Course notes on Texturing

Texture mapping from images

One way to impart a lot of realism or just interesting detail to a computer graphics scene is to map some color variation from an image onto your 3D objects.

In order to map an image onto an object in your scene, you need to compute, for each visible pixel where you can see the object, which pixel of the image maps onto that point. This operation generally takes place as part of the pixel shader.

If you are doing zbuffer rendering, then this will take place once per pixel during scan-conversion of a triangle. On the other hand, if you are ray tracing, then this will take place each time a nearest ray/surface intersection is found.

Given a point on an object, you need to figure out where to look up in the source image. To make this process easier, we generally adopt the following convention: Whatever the resolution of the source image, locations on the source image are described by a pair of floating point coordinates (u,v), where 0 ≤ u ≤ 1 and 0 ≤ v ≤ 1, as in the diagram.

In the diagram the arrow goes from the image source location (u,v) to the object surface point (x,y,z), because this is the way we generally think of the texture mapping as being from an image to a 3D object. But in practice we actually need to compute the inverse function: While we are rendering the scene we have a point (x,y,z) on an object's surface, and we need to go from there to a location (u,v) in a texture source image.

There are a number of ways to define this inverse mapping function f: (x,y,z) → (u,v). One general set of techniques is referred to as projection mapping, so called because it consiste of some way of "projecting" down from a three dimensional space to a two dimensional space. Which type of projection to use depends upon the shape of the object you want to texture.

For example, if you have a roughly cylindrical object (such as an arm or a tree trunk or a can of soup), you might want to do cylindrical projection mapping: f: (x,y,z) → ( atan2(y,x) / 2π, (1+z)/2 )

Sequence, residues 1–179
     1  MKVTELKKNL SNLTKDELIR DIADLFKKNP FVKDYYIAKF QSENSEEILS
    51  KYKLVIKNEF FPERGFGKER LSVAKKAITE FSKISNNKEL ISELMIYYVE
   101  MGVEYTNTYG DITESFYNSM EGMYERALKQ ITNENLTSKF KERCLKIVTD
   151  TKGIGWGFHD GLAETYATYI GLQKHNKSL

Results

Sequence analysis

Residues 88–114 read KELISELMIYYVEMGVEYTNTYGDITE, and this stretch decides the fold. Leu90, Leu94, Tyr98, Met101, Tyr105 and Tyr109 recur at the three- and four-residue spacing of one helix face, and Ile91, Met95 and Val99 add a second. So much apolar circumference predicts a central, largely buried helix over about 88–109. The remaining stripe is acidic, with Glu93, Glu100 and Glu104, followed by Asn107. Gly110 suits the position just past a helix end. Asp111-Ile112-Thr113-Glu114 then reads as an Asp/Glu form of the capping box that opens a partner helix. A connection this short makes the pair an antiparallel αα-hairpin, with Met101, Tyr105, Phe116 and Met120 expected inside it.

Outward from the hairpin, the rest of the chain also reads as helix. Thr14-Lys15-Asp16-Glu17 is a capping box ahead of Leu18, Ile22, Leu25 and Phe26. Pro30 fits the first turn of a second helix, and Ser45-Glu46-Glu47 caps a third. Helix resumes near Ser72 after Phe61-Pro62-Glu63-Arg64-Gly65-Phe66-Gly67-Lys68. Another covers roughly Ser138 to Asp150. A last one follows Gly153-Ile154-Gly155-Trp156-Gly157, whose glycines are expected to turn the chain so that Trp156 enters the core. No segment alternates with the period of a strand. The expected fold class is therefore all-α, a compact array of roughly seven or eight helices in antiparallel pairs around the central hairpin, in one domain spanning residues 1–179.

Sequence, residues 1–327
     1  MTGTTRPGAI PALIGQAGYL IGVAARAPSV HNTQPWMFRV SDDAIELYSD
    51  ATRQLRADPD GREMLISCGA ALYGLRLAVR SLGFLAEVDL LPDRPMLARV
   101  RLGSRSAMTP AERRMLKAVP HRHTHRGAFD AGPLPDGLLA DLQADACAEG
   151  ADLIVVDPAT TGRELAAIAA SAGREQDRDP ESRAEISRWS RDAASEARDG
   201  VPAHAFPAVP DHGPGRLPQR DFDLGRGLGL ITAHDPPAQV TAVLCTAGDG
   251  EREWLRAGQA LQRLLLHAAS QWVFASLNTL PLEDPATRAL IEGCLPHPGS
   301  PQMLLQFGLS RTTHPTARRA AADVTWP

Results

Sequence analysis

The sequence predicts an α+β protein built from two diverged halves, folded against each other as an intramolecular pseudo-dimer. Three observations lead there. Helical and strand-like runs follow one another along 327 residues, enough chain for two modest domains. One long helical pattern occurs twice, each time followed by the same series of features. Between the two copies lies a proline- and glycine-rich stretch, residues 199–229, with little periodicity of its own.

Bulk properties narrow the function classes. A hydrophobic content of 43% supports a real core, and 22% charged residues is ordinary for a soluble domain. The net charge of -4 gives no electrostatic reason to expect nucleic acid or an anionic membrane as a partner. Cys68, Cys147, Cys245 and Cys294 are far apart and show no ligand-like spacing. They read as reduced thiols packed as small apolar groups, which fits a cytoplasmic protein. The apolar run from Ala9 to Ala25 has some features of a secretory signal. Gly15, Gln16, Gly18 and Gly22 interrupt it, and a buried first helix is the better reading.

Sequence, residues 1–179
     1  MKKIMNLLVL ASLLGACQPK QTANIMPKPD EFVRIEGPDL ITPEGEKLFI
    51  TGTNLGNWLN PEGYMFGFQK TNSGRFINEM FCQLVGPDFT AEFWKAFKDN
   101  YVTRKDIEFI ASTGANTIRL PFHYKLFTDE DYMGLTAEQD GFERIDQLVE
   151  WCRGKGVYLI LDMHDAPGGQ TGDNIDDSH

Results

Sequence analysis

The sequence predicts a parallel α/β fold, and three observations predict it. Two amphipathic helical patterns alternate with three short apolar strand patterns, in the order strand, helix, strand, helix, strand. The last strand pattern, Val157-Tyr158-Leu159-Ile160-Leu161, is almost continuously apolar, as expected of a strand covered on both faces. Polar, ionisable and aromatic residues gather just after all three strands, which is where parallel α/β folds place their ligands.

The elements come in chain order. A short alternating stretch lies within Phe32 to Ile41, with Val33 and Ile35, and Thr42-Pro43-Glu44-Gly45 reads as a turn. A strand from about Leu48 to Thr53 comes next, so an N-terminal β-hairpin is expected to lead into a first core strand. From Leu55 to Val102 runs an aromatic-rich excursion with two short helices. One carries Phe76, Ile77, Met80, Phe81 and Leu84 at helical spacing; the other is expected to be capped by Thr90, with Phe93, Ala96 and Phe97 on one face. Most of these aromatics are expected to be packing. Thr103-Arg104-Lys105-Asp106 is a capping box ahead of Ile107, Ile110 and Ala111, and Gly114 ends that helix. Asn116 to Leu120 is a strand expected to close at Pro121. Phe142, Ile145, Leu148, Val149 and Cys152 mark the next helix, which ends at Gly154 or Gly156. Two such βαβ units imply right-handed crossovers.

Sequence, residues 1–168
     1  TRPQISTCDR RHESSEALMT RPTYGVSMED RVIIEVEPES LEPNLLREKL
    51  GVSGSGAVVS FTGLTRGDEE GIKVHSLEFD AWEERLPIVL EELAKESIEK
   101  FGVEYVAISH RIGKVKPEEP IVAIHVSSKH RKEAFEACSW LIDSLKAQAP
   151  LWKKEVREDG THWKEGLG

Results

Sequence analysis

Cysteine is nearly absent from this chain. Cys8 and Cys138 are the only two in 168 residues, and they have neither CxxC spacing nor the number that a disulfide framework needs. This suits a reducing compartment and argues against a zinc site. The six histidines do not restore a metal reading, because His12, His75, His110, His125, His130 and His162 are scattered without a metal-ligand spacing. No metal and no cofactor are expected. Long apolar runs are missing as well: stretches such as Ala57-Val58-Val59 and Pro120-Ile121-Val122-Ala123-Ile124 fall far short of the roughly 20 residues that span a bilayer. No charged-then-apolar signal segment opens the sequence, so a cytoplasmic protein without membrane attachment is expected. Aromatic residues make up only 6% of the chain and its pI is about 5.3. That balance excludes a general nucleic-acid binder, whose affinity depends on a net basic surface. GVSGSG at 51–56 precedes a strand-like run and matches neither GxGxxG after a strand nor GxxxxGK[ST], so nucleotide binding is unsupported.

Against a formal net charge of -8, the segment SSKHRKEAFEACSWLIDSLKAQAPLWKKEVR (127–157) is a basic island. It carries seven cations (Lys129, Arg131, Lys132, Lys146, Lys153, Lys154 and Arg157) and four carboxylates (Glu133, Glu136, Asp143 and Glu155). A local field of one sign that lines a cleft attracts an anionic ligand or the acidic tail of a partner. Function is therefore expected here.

Similarly, if you have a roughly spherical object you might want to do spherical projection mapping: f: (x,y,z) → ( atan2(y,x) / 2π , asin(z)/π + 1/2 )

Of course before you do any of these mappings, you can first do a matrix transformation, so that your texture space is properly scaled and centered on the object. The complete sequence of transformations is thus:

  1. Start with a surface point (x,y,z);
  2. Use a matrix M to linearly transform to object-centered coordinates (x',y',z');
  3. Apply projection function f to project down to texture coordinates (u,v);
  4. Scale (u,v) up to the native resolution of the source image;
  5. Look up the texture value in the source image.

Loading in the image:

Of course, in order to do texture mapping you need a source image, and you need to be able to read individual r,g,b pixels of that source image. But that's not really computer graphics, that's just plumbing. I've provided a Java class that handles this plumbing for you:

ImageBuffer: A java class to support loading an image


If the object you are texturing is visibly small in the scene, then you will encounter a case where a single pixel of the output image coresponds to many pixels in the source texture image.

As we discussed in class, if you just grab the value at a single pixel of the source texture image, then in such cases you will end up undersampling the source texture image, which will result in visible artifacts. To deal with this, you need some way of approximating the integral over an entire region of the source texture image. A number of methods of providing a quick and reasonably accurate approximation to this integral have been developed over the years. We are going to focus on one that was developed by Lance William in the early 1980s known as "MIP Mapping".

The basic principle of MIP Mapping is that you preprocess the texture source image into an "image pyramid". This pyramid consists of a sequence of images, where image n+1 is half the resolution in each dimension as image n. Each pixel (i,j) in image n+1 contains the averaged values of pixels (2i,2j), (2i+1,2j), (2i,2j+1), (2i+1,2j+1) from image n.

Procedural texturing

For the lecture on procedural texturing, everything you need to go over the principles and then try your own experiments is at the following links:

Try to take the ideas (and your own creative variations of the ideas) implementated in that last link, to incorporate procedural textures into your own Z-buffer renderer or ray tracer.

What do you do with the texture values?

Actually, you don't need to use texture values just for color variation. You can apply texture to any operation in your shader. For example, if you are using a Phong shader, you can use the texture values to vary the power of the specular component of your surface shader.